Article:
Professor Walley joined the Denison Department of Cinema in 2005. He teaches courses in cinema studies, including Film Aesthetics and Analysis, History of Cinema, Theory of Cinema, and seminars in avant-garde/experimental cinema, screenwriting, and the horror film, among others.
His primary research interest is avant-garde or experimental film, a form of cinema radically opposed to the aesthetics and politics of mainstream cinema, and more closely aligned with avant-garde and modernist art than traditional filmmaking. He has published extensively on this subject, and particularly on a branch of avant-garde film known as “expanded cinema,” which refers to works that alter or abandon the familiar materials, forms, and spaces of conventional filmmaking. These include film and video installation, live performances using film projection, and moving image works that cross boundaries between cinema and other art forms.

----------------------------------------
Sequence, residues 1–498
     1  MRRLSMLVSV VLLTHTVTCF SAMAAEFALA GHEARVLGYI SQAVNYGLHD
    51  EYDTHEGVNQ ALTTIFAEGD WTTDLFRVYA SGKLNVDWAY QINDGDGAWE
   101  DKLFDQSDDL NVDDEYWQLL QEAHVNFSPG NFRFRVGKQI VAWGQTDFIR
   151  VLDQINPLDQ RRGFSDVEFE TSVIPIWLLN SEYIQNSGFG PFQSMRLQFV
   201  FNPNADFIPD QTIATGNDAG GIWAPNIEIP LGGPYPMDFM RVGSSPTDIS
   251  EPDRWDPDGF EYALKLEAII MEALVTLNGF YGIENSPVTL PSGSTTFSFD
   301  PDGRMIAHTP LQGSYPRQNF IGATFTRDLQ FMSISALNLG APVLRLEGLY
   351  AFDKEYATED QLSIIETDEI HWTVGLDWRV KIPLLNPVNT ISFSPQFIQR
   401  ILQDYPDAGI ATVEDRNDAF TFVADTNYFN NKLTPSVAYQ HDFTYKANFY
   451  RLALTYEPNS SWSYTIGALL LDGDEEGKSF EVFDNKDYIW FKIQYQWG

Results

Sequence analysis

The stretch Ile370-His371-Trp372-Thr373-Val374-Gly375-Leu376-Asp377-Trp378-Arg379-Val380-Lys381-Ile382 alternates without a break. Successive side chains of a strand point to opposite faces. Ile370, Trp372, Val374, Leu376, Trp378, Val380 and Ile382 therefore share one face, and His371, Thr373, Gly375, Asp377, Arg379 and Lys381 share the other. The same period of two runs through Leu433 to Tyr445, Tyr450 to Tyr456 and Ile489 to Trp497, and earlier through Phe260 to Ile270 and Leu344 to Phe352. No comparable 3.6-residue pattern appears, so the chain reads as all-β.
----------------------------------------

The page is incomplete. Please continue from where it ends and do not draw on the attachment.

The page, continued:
His scholarship on avant-garde film and expanded cinema has appeared in October, The Journal of Aesthetics and Art Criticism, The Moving Image Review and Art Journal, Millennium Film Journal, and The Velvet Light Trap, and in numerous collections of writings on avant-garde art and cinema. He is working on a book about expanded cinema and what it tells us about the nature of cinema and its relationship to the other arts.
Professor Walley’s other interests include the history of film theory, documentary, the horror film, and the effects of technological changes on film production and cinematic visual style.